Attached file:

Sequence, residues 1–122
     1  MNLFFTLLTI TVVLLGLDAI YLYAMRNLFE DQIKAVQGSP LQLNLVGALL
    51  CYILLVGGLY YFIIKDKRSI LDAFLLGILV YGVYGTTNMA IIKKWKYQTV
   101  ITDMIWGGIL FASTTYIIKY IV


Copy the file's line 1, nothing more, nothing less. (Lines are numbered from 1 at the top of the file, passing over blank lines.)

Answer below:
Sequence, residues 1–122